Enter the Gungeon is out, and yes, it’s great. The recently released game marries roguelikes and bullet hell mechanics with a charming pixel art aesthetic that’s captured dozens of hours of my time. The game sold more than 200,000 copies in its first three days of release and is by all accounts a bonafide success, allowing the developers to create more content for the game and develop future titles. Dodge Roll Games revealed that the game turned a profit just 8 hours after going live.
So I couldn’t turn down the opportunity to interview one of its creators, Dave Crooks, founder and producer at Dodge Roll. We talked about the game at length, how the studio founded and what their plans are for its future. We also talked about the so-called “indiepocalypse,” and how it doesn’t actually exist.
Please introduce yourself to our fine readers and tell us a bit about what you do at Dodge Roll Games.
I’m Dave Crooks and I’m the designer/producer person at Dodge Roll. That means that the major design decisions and mechanics–if not come from me–are corralled and finalized by me. I also handle most of the stuff outside of the game development, like talking dealing with outsourcing or promoting the game at shows like PAX.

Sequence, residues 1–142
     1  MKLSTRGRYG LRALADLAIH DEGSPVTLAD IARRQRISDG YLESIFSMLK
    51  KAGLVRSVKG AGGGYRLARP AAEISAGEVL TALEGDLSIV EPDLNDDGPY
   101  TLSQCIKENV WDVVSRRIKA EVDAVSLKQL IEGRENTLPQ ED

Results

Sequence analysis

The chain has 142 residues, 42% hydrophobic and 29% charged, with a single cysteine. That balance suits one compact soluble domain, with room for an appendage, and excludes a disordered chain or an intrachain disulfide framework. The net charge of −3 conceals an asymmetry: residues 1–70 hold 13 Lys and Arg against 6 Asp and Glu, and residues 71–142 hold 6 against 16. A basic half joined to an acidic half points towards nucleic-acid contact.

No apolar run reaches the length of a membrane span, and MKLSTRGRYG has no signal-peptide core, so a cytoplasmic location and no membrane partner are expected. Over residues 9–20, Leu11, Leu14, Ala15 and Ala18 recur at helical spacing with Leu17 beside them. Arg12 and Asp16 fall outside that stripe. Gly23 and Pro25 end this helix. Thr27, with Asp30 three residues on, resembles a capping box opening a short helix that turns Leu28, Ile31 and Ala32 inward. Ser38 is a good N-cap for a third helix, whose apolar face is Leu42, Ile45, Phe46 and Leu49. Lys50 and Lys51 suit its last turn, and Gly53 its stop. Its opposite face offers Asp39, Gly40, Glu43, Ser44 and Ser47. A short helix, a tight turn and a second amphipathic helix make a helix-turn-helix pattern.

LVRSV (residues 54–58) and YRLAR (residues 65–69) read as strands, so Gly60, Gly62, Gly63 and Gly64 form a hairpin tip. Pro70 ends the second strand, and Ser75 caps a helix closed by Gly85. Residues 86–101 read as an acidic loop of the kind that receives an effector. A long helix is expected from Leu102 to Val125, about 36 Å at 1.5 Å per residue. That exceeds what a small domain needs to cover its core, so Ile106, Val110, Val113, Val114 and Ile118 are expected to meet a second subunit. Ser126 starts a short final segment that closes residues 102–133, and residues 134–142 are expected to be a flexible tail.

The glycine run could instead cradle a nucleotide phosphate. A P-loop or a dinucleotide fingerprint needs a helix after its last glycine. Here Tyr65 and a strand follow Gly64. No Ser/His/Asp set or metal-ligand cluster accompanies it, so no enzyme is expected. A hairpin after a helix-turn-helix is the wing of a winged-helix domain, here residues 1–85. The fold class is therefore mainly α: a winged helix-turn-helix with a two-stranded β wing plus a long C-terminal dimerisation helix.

Every project requires team work to be accomplished, and by the first impressions of the game, you appear to have found a lot of talent in your studio. Would you mind telling us about the members of your team?
David Rubel is our gameplay programmer. He’s responsible for the controls, all of the enemy and boss behaviors, and their bullet patterns. David wrote Gungeon’s physics system and is the reason the collision is pixel perfect. David worked briefly at Google, and Lockheed Martin before I convinced him to come make games at Mythic, and then again at Dodge Roll.
Our other programmer, Brent Sodman, is our resident technical artist, and is responsible for our lighting and and some of the other fancy graphical tricks in the game. He’s also responsible for the procedural generation in Gungeon, both the dungeon generator and decorating rooms. Before Brent worked at Mythic he worked on effects for Hollywood films.
Joe Harty is our artist and in addition to hand drawing all 200,000+ sprites in the game, is responsible for much of the game’s charm and character. He designed the Bulletkin that kicked off the entire art direction of the game. Before Gungeon, Joe was a freelance illustrator. And actually Joe and myself have been friends since high-school.